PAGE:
I really want to like Girls, I really do. But of the three entertaining and very short episodes I’ve seen so far, I can’t get past the curious hurdles that creator and executive producer Lena Dunham seems to have used as a foundation for her 20-somethings-in-jobless-limbo HBO series.

I’ll start off by saying that Girls is a very witty show, and with every new episode Dunham continues to remind us of her commendable aptitude for word play, tightly bound conversations, and phenomenal straight faced skills when acting out some very uncomfortable scenes. Girls follows the lives of three young women living in New York City: the comfortably broke Hannah Horvath (Lena Dunham), her super model material roommate Marnie Michaels (Allison Williams), up tight good girl Shoshanna Shapiro (Zosia Momet), and free spirited bohemian Jessa Johansson (Jemima Kirke).

Okay, so let’s get this straight, Girls is an HBO show that intertwines the stories of 4 young women, living in New York City dealing with issues of careers, love, and sex. Yeah I know I’m not the only one to find this premise irrefutably similar to HBO’s feline power hour show Sex and the City, which similarly gained notoriety for being an unabashed comedy about working women in their 30 somethings living in New York City and dealing with issues of love and sex. However simplistic and even routine this premise may now seem, you really only have to watch just one episode of Mad Men to understand the profound cultural significance of a show with Sex and the City’s pioneering proclivities.

Besides being impeccably well written, acted, and shot, shows like Mad Men perform like a disturbing worm whole back to a time when America’s working women were strictly to be seen and not heard, and even when retro heroines like Peggy Olsen (Elizabeth Moss) become heard, it’s not like we’re hearing about her pearl thong. Sex and the City is largely responsible for beginning our cultural contextualization and understanding of the issues that modern day working women experience.

I’ve heard so many  ‘bro’s’ dismiss Sex in the City because of its feminine appeal – a jump to conclusions that is quite easy to make in the current climate of T.V. land where the commonness of shows like Girls or Zoey Deschenell’s star vehicle New Girl, make it easy to forget how important it is that we now have programming that really does try to follow in footsteps of Sex and the City’s no holds barred attitude  when discussing pearl thongs and boyfriends wanting you to  pee on them.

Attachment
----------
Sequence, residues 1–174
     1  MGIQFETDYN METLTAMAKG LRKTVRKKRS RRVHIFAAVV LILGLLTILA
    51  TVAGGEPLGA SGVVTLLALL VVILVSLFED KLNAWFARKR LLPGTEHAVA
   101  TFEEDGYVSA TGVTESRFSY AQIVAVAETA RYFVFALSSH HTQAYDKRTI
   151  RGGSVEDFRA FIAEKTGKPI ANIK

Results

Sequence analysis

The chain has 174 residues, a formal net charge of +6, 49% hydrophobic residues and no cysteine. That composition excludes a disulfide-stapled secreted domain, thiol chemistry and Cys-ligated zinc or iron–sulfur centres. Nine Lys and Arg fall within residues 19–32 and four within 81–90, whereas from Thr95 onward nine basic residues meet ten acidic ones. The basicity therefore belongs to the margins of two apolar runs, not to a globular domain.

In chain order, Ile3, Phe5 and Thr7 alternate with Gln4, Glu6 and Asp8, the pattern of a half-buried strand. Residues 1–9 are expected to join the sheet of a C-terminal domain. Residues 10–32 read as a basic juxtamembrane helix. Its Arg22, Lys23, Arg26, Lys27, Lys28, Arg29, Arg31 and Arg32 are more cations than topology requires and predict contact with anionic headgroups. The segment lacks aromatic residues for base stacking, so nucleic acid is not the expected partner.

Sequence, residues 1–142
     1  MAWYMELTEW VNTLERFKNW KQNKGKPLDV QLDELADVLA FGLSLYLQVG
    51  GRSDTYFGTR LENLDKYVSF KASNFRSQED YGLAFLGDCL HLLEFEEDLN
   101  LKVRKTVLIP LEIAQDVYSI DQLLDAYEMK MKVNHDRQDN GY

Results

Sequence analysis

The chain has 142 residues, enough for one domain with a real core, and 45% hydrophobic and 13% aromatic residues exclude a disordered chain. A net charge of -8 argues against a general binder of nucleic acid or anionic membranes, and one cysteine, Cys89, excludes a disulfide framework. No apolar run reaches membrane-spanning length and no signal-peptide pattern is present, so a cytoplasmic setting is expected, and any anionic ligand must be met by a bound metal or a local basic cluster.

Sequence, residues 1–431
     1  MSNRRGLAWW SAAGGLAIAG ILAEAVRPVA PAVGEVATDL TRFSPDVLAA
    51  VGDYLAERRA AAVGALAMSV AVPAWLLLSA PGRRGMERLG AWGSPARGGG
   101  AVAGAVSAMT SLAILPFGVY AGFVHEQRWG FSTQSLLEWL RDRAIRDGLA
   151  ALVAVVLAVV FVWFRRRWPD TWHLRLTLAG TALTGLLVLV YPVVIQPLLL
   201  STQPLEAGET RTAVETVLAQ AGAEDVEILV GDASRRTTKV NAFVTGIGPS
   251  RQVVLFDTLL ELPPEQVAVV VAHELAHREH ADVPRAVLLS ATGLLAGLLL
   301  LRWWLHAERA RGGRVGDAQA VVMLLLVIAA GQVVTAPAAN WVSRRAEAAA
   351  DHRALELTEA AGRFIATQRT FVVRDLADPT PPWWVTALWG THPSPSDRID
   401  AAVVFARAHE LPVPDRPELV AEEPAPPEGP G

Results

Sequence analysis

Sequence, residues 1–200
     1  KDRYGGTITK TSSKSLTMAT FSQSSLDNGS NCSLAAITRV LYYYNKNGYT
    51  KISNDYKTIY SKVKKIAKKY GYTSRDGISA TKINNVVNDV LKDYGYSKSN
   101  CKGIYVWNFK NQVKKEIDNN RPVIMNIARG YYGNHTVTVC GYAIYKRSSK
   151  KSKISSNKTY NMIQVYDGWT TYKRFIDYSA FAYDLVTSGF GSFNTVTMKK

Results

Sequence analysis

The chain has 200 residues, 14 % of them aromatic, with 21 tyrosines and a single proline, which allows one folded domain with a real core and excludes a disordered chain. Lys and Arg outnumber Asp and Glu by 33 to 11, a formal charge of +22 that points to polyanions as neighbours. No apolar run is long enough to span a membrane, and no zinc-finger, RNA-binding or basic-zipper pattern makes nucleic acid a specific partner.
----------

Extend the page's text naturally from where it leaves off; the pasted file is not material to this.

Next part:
In its first episode, I was happy to see Girls try to cleverly to nip the onslaught of “this is just another Sex and the City”criticisms sure to follow the show until it breaks out of infancy. When the ridiculously idealistic but innocent Shoshanna asks Jessa for thoughts on her Sex and the City poster (the crowning piece of Soshanna’s bachelorette pad) and Jessa says “Oh, um, I’ve never seen that movie”, Girls gives a glimpse of its undercarriage’s brainy ambitions. When Shoshanna then asks Jessa if she thinks she’s a Keri, or Samantha, its hard not to laugh at the cultural currency Sex and the City’s character types have caused many to use as easy templates to identify working women with; no doubt a slap dash coping mechanism used to situate the modern female in today’s working world.

Still, Girls flattery through homage and commentary is thrown to the wayside as its characters’ astute similarities to Sex and the City’s protagonists proves disillusioning. Hannah is a clear projection of Sex and the City’s Keri (Sarah Jessica Parker) with her money management issues and whimsical submission to the often obvious ploy of stupid immature men. Marnie’s dominance in her relationship with her soft-as-fuck boyfriend carries similar shades of Miranda (Cynthia Nixon) battle to accept her long term and equally as soft boyfriend Steve (David Eigenberg). Even the more secondary members of the group like Shoshanna and her battle with prudishness, or Jessa’s free willed sex life and blunt antics are an undeniable allusion to Sex and the City’s Charlotte and Samantha.